Donkey Tails blog is a well written, informative and very interesting blog by volunteer Vivian about PrimRose Donkey Sanctuary and their animals at the wonderful donkey sanctuary in the Roseneath Ontario area.
|Posted by PrimRose on March 20, 2018 at 7:15 AM||comments (0)|
This is a very informative video by the Donkey Sanctuary of Canada on donkey grooming.
|Posted by PrimRose on March 14, 2018 at 7:05 AM||comments (0)|
When a new Donkey comes to the sanctuary they often are already named. Reasons that they may be renamed is that they don’t respond to the name therefore not knowing it is their’s or if the name does not suit them. If a donkey has a name , recognizes it but it is still changed the first consonant sound is kept same as that is what the donkey recognizes. Here on the left is Moon, good friend of Star, who's small white star can be seen on the forehead. Marching over is Indiana Jones also called Indie. These three were already named.
In this photo is Finegan mule already named and the buried head is likely Karl. The tall mule on the right is Jessie. When she came her name was Jezebel which did not suit her so she was renamed.
The white donkey on the left is Sally with her six year old son Oliver. The dark donkey is Robbie and the tall donkey is Joey. Sally was rescued from an auction and was pregnant with son Oliver. They were both named after arriving at the sanctuary. Oliver was named after Sheila's cat that had passed away the day before Oliver was born. Oliver kitty passed away at age 23! Robbie was also named after arriving at the sanctuary and his full name is Robbie Burns Joey, well his name just suits him perfectly!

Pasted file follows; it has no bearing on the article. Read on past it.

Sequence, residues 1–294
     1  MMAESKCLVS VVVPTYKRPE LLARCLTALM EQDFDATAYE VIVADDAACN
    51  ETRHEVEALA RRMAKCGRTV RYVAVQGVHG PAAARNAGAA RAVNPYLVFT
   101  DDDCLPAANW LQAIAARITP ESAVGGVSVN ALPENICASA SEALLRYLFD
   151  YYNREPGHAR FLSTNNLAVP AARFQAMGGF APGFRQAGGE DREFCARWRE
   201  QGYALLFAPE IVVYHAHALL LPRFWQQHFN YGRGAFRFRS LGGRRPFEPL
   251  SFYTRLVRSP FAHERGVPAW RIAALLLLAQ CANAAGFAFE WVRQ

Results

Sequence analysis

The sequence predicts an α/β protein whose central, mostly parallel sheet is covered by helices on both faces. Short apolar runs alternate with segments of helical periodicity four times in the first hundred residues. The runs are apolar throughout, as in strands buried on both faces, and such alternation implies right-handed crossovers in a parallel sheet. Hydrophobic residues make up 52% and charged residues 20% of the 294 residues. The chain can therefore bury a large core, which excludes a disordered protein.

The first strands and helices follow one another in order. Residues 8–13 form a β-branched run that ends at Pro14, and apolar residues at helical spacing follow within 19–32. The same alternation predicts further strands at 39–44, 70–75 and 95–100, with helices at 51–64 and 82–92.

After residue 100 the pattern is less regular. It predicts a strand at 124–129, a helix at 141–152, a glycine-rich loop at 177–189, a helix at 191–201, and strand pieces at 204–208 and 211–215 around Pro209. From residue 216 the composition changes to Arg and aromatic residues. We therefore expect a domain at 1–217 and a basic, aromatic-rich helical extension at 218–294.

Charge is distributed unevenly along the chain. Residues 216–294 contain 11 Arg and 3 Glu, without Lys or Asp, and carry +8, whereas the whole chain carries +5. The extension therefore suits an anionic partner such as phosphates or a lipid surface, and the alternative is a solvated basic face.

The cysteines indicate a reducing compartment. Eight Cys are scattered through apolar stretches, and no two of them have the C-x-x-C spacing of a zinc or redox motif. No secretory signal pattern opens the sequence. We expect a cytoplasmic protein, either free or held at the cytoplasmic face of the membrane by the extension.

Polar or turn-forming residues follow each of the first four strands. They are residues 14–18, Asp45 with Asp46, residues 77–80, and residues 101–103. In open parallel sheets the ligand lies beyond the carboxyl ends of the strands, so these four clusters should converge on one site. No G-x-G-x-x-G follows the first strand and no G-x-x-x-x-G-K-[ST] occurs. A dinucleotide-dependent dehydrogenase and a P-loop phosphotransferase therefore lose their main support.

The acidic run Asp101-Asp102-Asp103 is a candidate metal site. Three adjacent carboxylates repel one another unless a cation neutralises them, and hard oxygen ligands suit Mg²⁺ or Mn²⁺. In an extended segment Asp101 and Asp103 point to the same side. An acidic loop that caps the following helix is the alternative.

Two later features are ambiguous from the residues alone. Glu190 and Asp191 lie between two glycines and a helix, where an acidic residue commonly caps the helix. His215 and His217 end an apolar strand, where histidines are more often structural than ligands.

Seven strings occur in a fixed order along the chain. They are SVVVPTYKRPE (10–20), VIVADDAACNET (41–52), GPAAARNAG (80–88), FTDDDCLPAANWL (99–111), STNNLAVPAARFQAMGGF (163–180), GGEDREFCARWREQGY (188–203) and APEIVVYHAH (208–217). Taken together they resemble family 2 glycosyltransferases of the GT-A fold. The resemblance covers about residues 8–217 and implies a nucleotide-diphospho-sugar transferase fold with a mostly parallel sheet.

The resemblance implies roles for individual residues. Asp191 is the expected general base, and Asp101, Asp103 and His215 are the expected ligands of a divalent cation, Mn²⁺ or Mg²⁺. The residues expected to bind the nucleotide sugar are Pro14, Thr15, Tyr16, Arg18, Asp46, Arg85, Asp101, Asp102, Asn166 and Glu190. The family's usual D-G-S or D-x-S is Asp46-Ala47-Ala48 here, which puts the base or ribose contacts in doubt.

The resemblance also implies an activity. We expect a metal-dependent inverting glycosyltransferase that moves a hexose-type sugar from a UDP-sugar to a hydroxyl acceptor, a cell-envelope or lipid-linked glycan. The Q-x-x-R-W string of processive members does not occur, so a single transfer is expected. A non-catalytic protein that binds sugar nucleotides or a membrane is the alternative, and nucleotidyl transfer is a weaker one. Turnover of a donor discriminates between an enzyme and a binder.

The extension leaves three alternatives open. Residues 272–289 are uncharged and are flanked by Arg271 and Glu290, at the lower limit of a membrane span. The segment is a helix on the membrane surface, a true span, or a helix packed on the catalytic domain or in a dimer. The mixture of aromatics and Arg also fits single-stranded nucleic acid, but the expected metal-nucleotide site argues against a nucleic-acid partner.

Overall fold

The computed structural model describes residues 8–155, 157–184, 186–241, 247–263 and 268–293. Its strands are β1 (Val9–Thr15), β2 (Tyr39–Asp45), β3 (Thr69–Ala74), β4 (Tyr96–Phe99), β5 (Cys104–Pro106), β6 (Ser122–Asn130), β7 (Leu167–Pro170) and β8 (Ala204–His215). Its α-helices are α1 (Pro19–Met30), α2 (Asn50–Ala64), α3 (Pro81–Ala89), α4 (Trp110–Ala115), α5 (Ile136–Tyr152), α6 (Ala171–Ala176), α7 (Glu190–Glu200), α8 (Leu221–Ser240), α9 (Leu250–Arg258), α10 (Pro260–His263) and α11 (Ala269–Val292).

As any visitor to the sanctuary would agree the names are carefully chosen and suit each animal.
|Posted by PrimRose on March 5, 2018 at 8:05 AM||comments (0)|
Virgil is a small mule and had a donkey father and horse mother. It is possible Virgil has some Shetland pony in him noticeable in his colouring. Virgil has been at the sanctuary for years but remains very cautious around humans. This is the story of his rescue. Sheila got a call there was a mule for sale at an animal auction. When she arrived the auctioneer was prodding Virgil with an electric cattle prod making him squeal in pain which many there found humorous. So his caution around humans is for a good reason. On occasion Virgil will chase donkeys away from the hay bale but this does not happen often. He tends to associate with other mules and hinnies in particular Finegan mule. Both Virgil and Finegan get some extra nutrition in their own bowls but Virgil has learned he is better off eating alone as Finegan will eat as fast as he can then go after Virgil’s bowl. Virgil is quite a favourite at the sanctuary! Come and meet him Thursday and Sunday from 1-4pm all year round. Here's the link to our location: http://www.primrosedonkeysanctuary.com/location.htm
|Posted by PrimRose on February 27, 2018 at 6:55 AM||comments (0)|
All male animals at the sanctuary are neutered preferably prior to arrival or they are segregated and are neutered here. As all the animals at the sanctuary are rescued it is clear there are many unwanted animals and reproduction is not desirable. Neutering is preferable prior to arrival at the sanctuary. Unneutered jacks cause the female animals (jennets) to go into heat which can get disruptive. Female donkeys can go into heat their entire lives but pregnancy before the age of 3 and after 40 is very hard on the animal. Jennets are pregnant for 12 months and rarely have twins. Going into heat begins between 8 months and two years. Heat lasts for 6-9 days and occurs every 23-30 days. Jacks become sexually mature between 8 months and a year. Unless a jack is used for breeding it is easiest to castrate just before weaning around 6 months. Jacks should not be used for breeding before the age of 2 years. Uncastrated jacks do not make good pets as they can be aggressive and difficult to handle. This is Sally who was pregnant when she arrived at the sanctuary and is often found with her 6 year old son Oliver at her side.